The three theories relate to behavioral learning regardless of the method used and the context in which they are used. The learning process can be used in behavior change campaigns as a learning process to eliminate negative behaviors and adopt approaches that are more positive (Prochaska 2013, p. 15). For example, they can be used in health promotion where people are expected to change their behavior to prevent disease and build a healthier community. In addition, they are useful in promoting behavior change in students and in organizational settings to adopt practices such as corporate social responsibility. Incorporating the theory in both development and global learning contexts will provide the necessary incentives to address global challenges such as climate change. Hence, even though social learning theory borders between cognitive and behavioral theories, it relates to the other two due to the behavioral aspect of the change created in the learning process.

The primary similarity between the operant and classical conditioning is that learning takes place through association. The idea is supported by the argument that some desired outcomes emanate from unconscious behavior (Custers & Aarts 2010, 47). Hence, there should be some form of stimuli that motivate the behavior and associated action. More importantly is that the stimulus that affects the conscious is usually the initial stage in the pursuance of a goal. The theories play an important role in global organizational settings because of goal-setting tendencies. Such environments require that clear corporate objectives are set and that conditions are provided for their achievement. They also relate to global goals aimed at addressing challenges such as environmental degradation. From the perspective of the operant conditioning, there have to be stimuli that motivate the positive change in behavior to achieve the goals.

Classical conditioning is similar to operant conditioning from the perspective of the attendance of the stimuli for a behavior to occur. In addition, classical conditioning is based on an association between the new and the prevailing stimuli (Michael 2017, p. 2), while operant conditioning allows learning through associating the behavior with a reward or punishment (Staddon & Cerutti 2003, 116). People learn to work hard while positive behavior becomes integrated into their thoughts when they have the right conditions to determine the behavior and positive reinforcements. For instance, in organizational settings, employees require a conducive work environment and positive reinforcers, such as competitive remuneration to become highly productive. Notably, none of the behaviors in the two theories will last without reinforcement. For example, if the food is withdrawn, the dogs will stop salivating on seeing the person who feeds them. Similarly, in the operant conditioning, withdrawing the reward can make the person revert to the old behavior. Similarly, withdrawing punishment can encourage an individual to emulate a negative response.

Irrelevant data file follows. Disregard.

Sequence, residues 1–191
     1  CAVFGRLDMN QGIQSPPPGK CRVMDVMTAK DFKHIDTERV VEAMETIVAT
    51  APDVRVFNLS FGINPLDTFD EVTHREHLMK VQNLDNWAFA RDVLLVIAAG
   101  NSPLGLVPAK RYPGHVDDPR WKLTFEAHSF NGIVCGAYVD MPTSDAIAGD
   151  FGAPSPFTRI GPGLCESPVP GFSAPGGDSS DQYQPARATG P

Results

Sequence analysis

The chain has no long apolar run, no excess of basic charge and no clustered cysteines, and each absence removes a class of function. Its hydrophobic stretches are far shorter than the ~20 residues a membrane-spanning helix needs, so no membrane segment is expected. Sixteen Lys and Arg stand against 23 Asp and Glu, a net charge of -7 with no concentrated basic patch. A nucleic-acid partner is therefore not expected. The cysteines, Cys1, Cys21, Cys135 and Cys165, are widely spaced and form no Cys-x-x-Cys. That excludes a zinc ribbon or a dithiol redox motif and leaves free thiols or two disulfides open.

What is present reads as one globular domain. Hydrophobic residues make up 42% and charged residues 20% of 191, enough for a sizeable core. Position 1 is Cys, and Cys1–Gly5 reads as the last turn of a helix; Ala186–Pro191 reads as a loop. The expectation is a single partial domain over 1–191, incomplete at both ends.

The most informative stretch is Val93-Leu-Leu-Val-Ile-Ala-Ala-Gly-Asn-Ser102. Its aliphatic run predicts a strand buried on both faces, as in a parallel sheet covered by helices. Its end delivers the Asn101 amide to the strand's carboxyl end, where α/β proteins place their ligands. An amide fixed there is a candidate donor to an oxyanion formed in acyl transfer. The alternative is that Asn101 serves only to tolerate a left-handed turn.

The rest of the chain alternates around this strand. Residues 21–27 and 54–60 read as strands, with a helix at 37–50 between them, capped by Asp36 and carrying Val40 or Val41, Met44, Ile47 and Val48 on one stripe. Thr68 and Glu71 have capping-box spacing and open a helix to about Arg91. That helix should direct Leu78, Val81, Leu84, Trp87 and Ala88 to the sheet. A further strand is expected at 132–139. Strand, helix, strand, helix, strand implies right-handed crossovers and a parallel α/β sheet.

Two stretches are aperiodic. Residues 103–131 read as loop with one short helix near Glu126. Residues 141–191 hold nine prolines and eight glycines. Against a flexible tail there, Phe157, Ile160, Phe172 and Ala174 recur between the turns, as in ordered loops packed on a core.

Differences between the Theories

While both classical and operant approaches are similar in relation to their use of association in the learning process in different contexts, social learning theory takes a rather different perspective. Indeed, social learning involves an environment that is conducive to learning. The person has to observe behavior in the environment to imitate and model it to the point of becoming the norm (Bandura, 1971, p. 4). Social learning theory is the most applicable approach to global learning, especially in the modern world where information is accessed through social media platforms. The new learning environment has brought global issues closer to the learner while providing various incentives and role models that support the learning process. Social learning differs from the need for continued reinforcement of behavior in classical and operant conditioning. For the social learning theory, the process is not so much dependent on reinforcement as long as the social conditions, such as social media are available for learning to occur.

The source of learning is another basis for the differences between the three theories. While operant conditioning learning is based on what is acceptable and reinforced (McLeod 2007, p. 1), social learning theory depends on what the person can observe and learn from (Bandura, 1971, p. 4).  For example, students can learn through social learning by observing their teachers as role models while through operant conditioning the teacher has to reinforce a behavior for the learning to take place. The model plays a major role in integrating development and global learning to education at an early age where students are taught to view the world as a global village.

However, operant conditioning and social learning are somewhat related and differ from classical conditioning. For example, learning can take place through a social learning model when one observes positive behavior being rewarded. Such situations can occur in organizational contexts. Therefore, to build a globally competitive organization, the management should consider using positive rewards to reinforce performance as well as for employees to learn from those being awarded. Such acts can make an individual observe, learn, imitate, and model the behavior being reinforced. Similarly, upon observing someone gets punished for negative behavior, a person is more likely to learn and avoid it to evade punishment. However, the same does not occur in classical conditioning because of the need for an association between two stimuli.